We recently spoke to Erin Parekh, holistic nutritionist, and coach. She is the co-founder of The reFRESH Society, which supports women in nourishing their bodies and cultivating self-love. Read our interview with Erin to learn about how she empowers herself and others through programs and rituals that focus on hormone regulation and eating real foods.
Can you describe what you mean by “clean” food?
Clean food in my book simply means REAL FOOD — eating as close to the earth as possible, focusing on organic produce (the more greens the better) and purchasing pasture-raised animal products.
I know you founded the reFRESH Society with your partner, Sarah. What spurred the two of you to join forces?
It was honestly fate. We met through a mutual friend, had coffee, and the rest is history. Sarah and I are exact opposites in terms of our personalities, but our belief systems (especially when it comes to nutrition and wellness) are completely aligned. Our mission with The reFRESH Society is to help others feel nurtured, empowered, grounded, and inspired by their daily habits and food choices without breaking the bank, going to the extreme, or taking up too much precious time.
It is clear that your hands are full with self-coaching, cooking classes, home makeovers, motivational talks, and wellness programs. How do you balance this all?
I like to say my life is full rather than busy. It’s all about a mindset shift, really. I’m beyond grateful for what I do- helping women nourish their bodies and balance hormones naturally through nutrition and daily rituals.
In terms of staying balanced, I practice what I preach! I start my mornings with a short meditation, do some movement, and then make a mushroom coffee elixir to ground myself. Then it’s to my desk where I review my to-do list and calendar and write down my top 3 priorities for the day. As long as I focus on those, anything else that gets done is considered a bonus. I find this helps take the pressure off while still moving the needle forward.
What is one piece of advice regarding clean eating that you would give anyone who is inexperienced in this area?
Start by adding greens. There are so many voices and opinions in the wellness space that it can seem paralyzing to start making positive shifts. But one thing everyone agrees on is eating more green vegetables. I ask my clients to fill 50% of their plates with non-starchy veggies at both lunch and dinner. Think big salads, veggie stir-fry, swapping in cauliflower rice, or wilting spinach into literally anything.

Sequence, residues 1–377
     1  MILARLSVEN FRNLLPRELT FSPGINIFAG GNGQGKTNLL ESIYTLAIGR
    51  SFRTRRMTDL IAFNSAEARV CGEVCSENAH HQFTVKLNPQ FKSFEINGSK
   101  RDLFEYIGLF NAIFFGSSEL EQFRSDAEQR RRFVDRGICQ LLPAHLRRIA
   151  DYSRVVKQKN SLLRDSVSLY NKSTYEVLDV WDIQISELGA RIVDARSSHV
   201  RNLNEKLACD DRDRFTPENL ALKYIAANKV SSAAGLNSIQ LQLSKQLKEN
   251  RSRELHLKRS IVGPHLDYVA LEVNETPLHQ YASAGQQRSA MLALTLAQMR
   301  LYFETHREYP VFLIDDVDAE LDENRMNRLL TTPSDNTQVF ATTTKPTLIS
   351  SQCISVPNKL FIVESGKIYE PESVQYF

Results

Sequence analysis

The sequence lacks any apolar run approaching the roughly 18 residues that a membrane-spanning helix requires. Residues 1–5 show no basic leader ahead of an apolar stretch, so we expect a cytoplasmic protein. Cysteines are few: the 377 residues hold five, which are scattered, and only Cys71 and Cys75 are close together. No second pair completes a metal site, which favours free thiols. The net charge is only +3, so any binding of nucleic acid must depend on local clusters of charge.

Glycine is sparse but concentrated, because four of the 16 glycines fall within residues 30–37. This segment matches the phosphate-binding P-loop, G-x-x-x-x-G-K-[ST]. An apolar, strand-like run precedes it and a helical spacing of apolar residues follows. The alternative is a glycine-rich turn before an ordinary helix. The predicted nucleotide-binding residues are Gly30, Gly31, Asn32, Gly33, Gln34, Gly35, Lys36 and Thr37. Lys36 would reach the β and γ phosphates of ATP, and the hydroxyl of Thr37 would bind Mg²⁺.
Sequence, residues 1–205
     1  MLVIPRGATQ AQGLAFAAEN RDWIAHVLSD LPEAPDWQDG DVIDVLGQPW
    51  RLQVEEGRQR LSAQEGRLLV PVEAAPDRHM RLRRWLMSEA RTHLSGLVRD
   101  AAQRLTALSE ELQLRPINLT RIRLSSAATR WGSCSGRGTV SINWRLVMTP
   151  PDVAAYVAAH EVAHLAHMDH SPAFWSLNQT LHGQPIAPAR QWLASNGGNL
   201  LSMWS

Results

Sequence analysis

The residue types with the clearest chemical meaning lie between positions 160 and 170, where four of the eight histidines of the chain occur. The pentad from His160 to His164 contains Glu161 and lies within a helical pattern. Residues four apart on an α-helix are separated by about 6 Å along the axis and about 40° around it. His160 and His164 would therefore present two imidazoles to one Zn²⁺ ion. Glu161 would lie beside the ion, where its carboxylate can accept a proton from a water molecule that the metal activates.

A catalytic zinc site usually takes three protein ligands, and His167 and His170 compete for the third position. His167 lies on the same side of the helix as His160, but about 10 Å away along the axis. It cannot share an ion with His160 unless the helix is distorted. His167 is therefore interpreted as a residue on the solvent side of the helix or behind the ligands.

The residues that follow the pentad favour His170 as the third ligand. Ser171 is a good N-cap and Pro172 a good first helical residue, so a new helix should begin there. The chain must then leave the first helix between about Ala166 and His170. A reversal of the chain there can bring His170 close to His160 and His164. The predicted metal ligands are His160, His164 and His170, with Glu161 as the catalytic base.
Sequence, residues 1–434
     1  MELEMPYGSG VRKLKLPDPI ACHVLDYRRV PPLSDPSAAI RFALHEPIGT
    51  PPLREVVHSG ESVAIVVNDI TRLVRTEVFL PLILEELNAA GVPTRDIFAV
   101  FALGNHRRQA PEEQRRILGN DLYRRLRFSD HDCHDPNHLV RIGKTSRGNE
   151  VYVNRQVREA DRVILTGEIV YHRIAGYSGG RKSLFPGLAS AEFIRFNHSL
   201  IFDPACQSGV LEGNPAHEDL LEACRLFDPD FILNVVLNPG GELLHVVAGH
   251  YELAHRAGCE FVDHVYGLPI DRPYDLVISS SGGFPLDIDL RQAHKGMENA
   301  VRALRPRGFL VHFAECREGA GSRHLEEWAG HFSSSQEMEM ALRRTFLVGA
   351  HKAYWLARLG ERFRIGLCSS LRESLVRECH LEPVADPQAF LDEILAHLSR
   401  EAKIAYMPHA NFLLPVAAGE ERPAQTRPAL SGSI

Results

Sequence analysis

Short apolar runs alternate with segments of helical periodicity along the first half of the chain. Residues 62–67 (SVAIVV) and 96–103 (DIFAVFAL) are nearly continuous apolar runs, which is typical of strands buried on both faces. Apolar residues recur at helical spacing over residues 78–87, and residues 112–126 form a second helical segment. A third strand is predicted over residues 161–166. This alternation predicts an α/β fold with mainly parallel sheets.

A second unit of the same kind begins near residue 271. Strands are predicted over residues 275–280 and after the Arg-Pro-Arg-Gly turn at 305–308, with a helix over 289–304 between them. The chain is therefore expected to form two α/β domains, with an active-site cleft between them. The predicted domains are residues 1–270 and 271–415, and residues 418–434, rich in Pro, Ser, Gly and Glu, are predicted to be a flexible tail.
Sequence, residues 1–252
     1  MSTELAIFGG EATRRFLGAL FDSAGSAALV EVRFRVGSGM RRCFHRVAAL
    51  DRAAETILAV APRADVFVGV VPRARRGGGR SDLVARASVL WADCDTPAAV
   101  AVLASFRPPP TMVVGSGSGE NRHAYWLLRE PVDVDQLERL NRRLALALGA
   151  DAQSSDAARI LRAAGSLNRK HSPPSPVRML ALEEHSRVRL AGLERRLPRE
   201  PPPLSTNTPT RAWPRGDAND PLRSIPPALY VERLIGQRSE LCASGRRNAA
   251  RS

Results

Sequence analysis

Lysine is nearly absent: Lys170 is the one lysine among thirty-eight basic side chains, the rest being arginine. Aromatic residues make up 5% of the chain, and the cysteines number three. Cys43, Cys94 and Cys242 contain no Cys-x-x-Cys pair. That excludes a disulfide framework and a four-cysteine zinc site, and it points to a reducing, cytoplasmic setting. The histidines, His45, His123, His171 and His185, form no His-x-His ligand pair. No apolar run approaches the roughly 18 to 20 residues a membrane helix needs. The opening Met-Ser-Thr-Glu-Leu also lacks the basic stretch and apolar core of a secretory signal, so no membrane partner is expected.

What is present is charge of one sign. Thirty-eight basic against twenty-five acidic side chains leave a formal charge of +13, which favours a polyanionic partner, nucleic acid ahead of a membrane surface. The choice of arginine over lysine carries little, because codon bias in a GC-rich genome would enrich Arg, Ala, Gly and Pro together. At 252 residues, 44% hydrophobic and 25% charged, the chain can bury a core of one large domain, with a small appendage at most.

You have overcome several personal challenges that have gotten you to where you are now. Who and what offered you support during those times?
My husband and family have been a huge support system. I’ve also been fortunate to build a community network of women who’ve also struggled with eating disorders and infertility. I’ve found that the more vulnerable you are and the more you surrender in any situation, the more support and guidance you recieve. My daily meditation practice and journaling has also been an amazing tool for processing it all.
How do you deal with cravings and guilt?
Feeling guilty when we eat “bad food” is unfortunately normal in today’s society. What I focus on with clients is 1) understanding why you had the craving in the first place and 2) learning to let go of the moment. One of my favorite philosophies from my training with Keri Glassman is to “make every meal a Monday.” Just because you had the chocolate chip cookie or ate a few too many salty chips due to stress doesn’t mean you blew the entire day. Own it and then focus on what you can eat at your next meal to nourish your body in a more positive way.
How has the ensuing stress from global conditions affected your daily rituals and wellness practices?
It’s strengthened them actually. At first, I found myself in a spiral and out of routine — missing my morning meditations, skipping the walks, mindlessly snacking, not getting in my workout… But a few weeks into it all, I realized I was actually doing myself a disservice, and understood just how important those small moments are to my mental wellbeing. So I regrouped and doubled down on committing to my routine. I also revised a few things based on having my husband working from home too (i.e. where I mediated and when I worked out). We have to take care of ourselves first and foremost so that we can show up for others.
Featured Image Courtesy of Erin Parekh